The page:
In my previous blog, I described the many factors that influence the movement of full truckload freight rates, and showed how historical data indicates that over time rates are headed north. In this second piece, I’d like to offer some insights into how often carrier contracts should be reviewed in light of the market’s inherent unpredictability.
First, let us review how the market performed during the first half of 2010. During the first quarter of 2010, we actually saw rates continue their downward spiral. The Stephens index (that uses publicly available information from carrier 10Q’s showing the average loaded RPM without fuel) showed that the average loaded RPM went down 3.15% year-over-year (YOY) even as the spot market started to heat up. The second quarter was a different story. After five consecutive quarters of YOY decreases in rates, we saw our first increase, and there continues to be tightness in the spot market although some indexes indicate that this market has cooled off some in July.
Hopefully, you managed to navigate these freight rate movements cost effectively; for some shippers, this is a difficult feat. The reason is fairly straightforward: the misguided belief that the best way to secure low rates is to lock them in for a period of, say, two years.
This is ill-advised for two reasons. First, please refer back to my last blog where I explained how the general tendency is for freight rates to nudge upward over time. In fact, over 20% of the time during a two-year period the YOY increase is likely to be over 10% and in excess of 58% of the time increases are more than 2.5%. (see figure below). This creates a bimodal distribution. Since a typical carrier after tax operating profit is less than 2.5%, it can be seen that committing to a rate for two years will almost certainly pitch a trucking company into the red. Such an outcome is untenable for both parties.
The second problem is that, in the volatile freight market, distribution networks that are in synch when a contract is signed and sealed will, at some point, be knocked out of alignment. If there are no corrections for two years, the misalignment can become a yawning gap. For example, Carrier A is contracted at a below-market rate to ship your freight from Boston to Atlanta. The carrier loses customers in Atlanta and all of a sudden does not want to serve that city. But, there are eight other carriers that do a lot of business in Atlanta and would welcome your freight. Except that your two-year agreement with Carrier A still has a long way to run.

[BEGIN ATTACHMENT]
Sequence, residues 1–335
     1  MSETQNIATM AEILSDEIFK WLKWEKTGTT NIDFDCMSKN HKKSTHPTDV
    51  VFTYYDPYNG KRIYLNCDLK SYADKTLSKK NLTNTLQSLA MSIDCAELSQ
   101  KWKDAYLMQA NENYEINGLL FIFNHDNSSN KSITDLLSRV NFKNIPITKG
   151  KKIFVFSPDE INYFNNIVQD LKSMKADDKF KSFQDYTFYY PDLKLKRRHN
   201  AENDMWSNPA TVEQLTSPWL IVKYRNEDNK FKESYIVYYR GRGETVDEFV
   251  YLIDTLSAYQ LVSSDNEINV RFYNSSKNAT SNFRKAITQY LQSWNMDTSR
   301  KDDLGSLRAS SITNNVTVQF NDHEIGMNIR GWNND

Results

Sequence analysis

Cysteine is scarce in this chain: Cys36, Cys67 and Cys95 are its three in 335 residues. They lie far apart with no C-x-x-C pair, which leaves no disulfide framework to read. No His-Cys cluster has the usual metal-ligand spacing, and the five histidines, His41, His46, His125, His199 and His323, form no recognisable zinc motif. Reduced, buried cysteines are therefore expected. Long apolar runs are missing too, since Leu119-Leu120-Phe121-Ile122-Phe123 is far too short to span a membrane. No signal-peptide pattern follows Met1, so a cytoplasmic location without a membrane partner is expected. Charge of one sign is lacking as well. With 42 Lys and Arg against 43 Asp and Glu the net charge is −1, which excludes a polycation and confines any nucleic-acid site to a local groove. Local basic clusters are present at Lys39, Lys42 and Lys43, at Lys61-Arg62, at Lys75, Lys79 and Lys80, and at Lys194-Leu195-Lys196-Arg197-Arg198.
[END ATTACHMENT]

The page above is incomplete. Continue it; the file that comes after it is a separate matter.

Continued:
The bottom line is that it makes sense to align your freight with carriers annually. It might be that Carrier A wins the same volumes, but allocated to a different mix of lanes that suites its reconfigured distribution network. Two years is simply too long to wait to make the necessary readjustments that keep respective networks aligned.
The situation is analogous to investing in the financial markets. Every investor expects the markets to fluctuate and rebalances his or her investment portfolio to allow for these movements. In much the same way, shippers have to tweak their networks to correct for changes in the freight market.
The secret is to formulate a plan for a yearly Strategic Procurement Alignment and to stick with it. Not only will you develop a robust process for contracting freight, you will build credibility in the market as a reliable, even-handed customer. And in these uncertain times, such a reputation is worth a great deal.